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Hierarchical Bayesian ANOVA for multivariate and spatial data with application to climate projections


Geinitz, Steven Richard. Hierarchical Bayesian ANOVA for multivariate and spatial data with application to climate projections. 2013, University of Zurich, Faculty of Science.

Abstract

Applied statistics as an independent field of study can be said to have been recognized as such roughly a century ago. A large part of this recognition can be attributed to analysis of variance, a method which has been of paramount importance for much of the scientific and industrial progress throughout the 20th century. However, as the complexity of experiments and data has increased during this time, so has the difficulty in carrying out an analysis of variance. Often it is difficult to understand how statistical parameters correspond to real-world quantities; to relate statistical methods to one another; to distinguish between the practical relevance and statistical significance of an analysis; and to recognize the computational demands of a chosen method. The work herein contributes to the field of applied statistics by identifying a methodology that addresses these challenges. This method is then applied to large-scale simulated climate projections in a way that is computationally efficient and that provides clear and intuitive conclusions on what explanatory factors contribute to the overall variability of the data. The work begins with viewing analysis of variance as a more general procedure than it is traditionally considered. By placing it into a more broadly defined hierarchical Bayesian context, the ability to draw connections between fixed and random effects within a single procedure is facilitated. To present results, novel numerical and graphical summaries that communicate practical relevance, as well as the statistical significance, of variance parameters are then developed. Novel summaries for general multivariate cases are also proposed. Existing methods that achieve these goals typically rely on Markov chain Monte Carlo methods. Whereas here a class of conjugate distributions for variance parameters is derived, which allow for a factorization of the posterior distribution and which obviate the need for MCMC methods, thus reducing computational demands. For cases involving spatial geostatistical models, approximation methods that further alleviate computational demands are also developed. These approximations are closely examined, and shown to produce accurate representations of the original quantities. The culmination of these efforts is in the spatial statistical analysis of a set of simulated climate projections. A single simulated climate projection is carried out using a distinct mathematical climate model, and an assumed rate of future greenhouse gas emissions. Thus, the sources of variability examined in the data are the climate model and the emissions scenario, their interaction, both as a constant as well as over decadal time increments. The magnitude of the variability for each source is then estimated, together with the uncertainty of these estimates. While the method is original, the results agree with those found in previous peer-reviewed works.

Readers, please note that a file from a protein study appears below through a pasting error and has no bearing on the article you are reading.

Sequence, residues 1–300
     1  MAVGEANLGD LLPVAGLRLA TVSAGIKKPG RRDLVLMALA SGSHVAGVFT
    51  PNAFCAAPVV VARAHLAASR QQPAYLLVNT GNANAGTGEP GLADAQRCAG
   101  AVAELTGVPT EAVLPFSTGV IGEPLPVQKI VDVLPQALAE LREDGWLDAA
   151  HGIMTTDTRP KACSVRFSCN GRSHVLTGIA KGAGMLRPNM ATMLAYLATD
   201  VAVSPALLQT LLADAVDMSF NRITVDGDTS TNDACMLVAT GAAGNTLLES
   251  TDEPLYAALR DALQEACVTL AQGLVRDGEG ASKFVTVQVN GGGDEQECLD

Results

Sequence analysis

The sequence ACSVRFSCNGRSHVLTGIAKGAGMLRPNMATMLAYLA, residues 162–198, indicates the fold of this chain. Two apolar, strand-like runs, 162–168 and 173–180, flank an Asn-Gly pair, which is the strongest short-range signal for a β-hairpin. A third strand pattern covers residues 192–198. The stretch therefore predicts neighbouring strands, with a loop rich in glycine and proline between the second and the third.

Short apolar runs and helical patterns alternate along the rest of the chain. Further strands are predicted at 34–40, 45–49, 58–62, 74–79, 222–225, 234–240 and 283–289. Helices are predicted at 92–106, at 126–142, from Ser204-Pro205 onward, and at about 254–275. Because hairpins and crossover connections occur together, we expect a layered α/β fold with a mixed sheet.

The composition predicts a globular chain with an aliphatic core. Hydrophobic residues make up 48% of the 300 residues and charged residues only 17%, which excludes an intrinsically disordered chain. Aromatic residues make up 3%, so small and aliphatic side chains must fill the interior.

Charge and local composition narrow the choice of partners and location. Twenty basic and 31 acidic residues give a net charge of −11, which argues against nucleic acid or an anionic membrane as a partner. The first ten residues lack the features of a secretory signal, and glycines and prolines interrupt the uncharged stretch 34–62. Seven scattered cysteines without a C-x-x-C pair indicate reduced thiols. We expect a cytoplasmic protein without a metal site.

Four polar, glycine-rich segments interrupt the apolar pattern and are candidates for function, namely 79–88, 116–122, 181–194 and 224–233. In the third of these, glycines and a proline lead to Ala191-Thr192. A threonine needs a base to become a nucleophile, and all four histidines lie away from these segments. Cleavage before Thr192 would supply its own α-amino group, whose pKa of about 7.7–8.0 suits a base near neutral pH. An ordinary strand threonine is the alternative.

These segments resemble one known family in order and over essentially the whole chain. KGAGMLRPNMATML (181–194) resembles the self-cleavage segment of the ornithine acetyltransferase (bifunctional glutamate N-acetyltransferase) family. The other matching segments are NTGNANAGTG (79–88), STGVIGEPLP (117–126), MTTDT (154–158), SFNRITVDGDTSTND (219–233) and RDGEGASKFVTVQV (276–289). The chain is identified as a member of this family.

Abstract